Hillary Clinton’s post-election party took place in a room with a glass ceiling, the Javits Convention Center in New York. At a certain point in the expected celebrations, confetti mimicking glass shards was meant to fall from the sky, a symbol of the candidate reaching feminism’s peak — breaking the glass ceiling that held women back from achieving the highest position in the country.

Of course, things didn’t turn out exactly as planned. But even if they had, it’s up for debate whether Hillary Clinton and those like her adequately represent the needs and nuance of the feminist movement today.

Feminism has always been subject to critique, but it seems that recent commentary has become much harsher. Some ask whether feminism as popularly understood today has been co-opted to represent only the concerns of its most privileged advocates.

When Sheryl Sandberg’s “Lean In” was published in 2013, it was lauded by many but instantly faced backlash. Many felt that it devalued those women who did not work outside the home or for whom career success was not the highest ambition, while also enshrining achievement within a market-based, capitalist system as what should be women’s highest goal.

In fact, the success of Sandberg’s model (and perhaps some of Clinton’s achievement as well) rested on the underpaid labor of those with fewer resources — the nannies, housekeepers and others who would in the end perform the undervalued, underpaid and still traditionally female work of caring for others. For all of the book’s supposedly feminist bona fides, it spoke primarily to one elite group of women whose struggles were not those of the majority.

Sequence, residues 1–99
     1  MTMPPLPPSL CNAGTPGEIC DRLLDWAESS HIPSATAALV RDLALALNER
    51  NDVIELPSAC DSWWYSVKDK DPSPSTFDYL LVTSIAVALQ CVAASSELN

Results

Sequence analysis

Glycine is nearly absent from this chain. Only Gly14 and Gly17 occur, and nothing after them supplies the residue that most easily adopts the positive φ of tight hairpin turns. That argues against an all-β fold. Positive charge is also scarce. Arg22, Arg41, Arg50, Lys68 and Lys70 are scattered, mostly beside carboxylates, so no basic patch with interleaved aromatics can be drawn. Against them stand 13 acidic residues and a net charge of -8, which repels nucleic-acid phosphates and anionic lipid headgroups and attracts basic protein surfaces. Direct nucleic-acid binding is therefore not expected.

A number of those who voiced complaint were women of color, for whom exclusion from the feminist narrative has been a long-running grievance. In many cases, their concerns — about racism, classism and other forms of oppression — have been asked to take a backseat to other goals from the very beginning of the movement. And they did not see themselves adequately represented by figures such as Lena Dunham, whose supposed progressiveness doesn’t seem to stretch quite far enough to take into account their presence.

Then, of course, there is the perception that the feminist movement’s main concerns are to the left of the culture-war debates. Mainstream feminism often seems unquestioning in its support for easily accessible abortion, a re-imagining of gender roles and — though perhaps in jest — a denigration of men. This impression has left many women, especially those who identify as religious or conservative, unwilling to identify with the label.

It’s certainly a stretch to see Donald Trump’s electoral win as anything other than a net negative for women, but the fact that 42 percent of women voted for him (compared with the 44 percent of women who voted for Mitt Romney in 2012) indicates that something may have gone amiss with Clinton’s supposedly mainstream feminist message and the way the movement is represented.

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Does feminism suffer from elitism? Has it lost touch with conservative, minority or working-class Americans? How can feminists build a platform that attracts more broad-based support?

Over the next few days, we’ll hear from: